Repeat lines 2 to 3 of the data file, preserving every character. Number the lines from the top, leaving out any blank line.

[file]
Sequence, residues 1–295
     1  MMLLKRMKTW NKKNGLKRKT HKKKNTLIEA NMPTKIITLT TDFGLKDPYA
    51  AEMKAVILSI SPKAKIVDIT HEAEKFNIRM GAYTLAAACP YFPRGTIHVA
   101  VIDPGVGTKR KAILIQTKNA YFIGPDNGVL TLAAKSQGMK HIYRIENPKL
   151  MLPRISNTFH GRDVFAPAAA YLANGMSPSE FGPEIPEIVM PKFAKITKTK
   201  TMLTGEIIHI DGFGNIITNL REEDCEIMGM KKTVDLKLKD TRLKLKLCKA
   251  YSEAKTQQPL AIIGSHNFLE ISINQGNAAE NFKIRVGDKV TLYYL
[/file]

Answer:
     1  MMLLKRMKTW NKKNGLKRKT HKKKNTLIEA NMPTKIITLT TDFGLKDPYA
    51  AEMKAVILSI SPKAKIVDIT HEAEKFNIRM GAYTLAAACP YFPRGTIHVA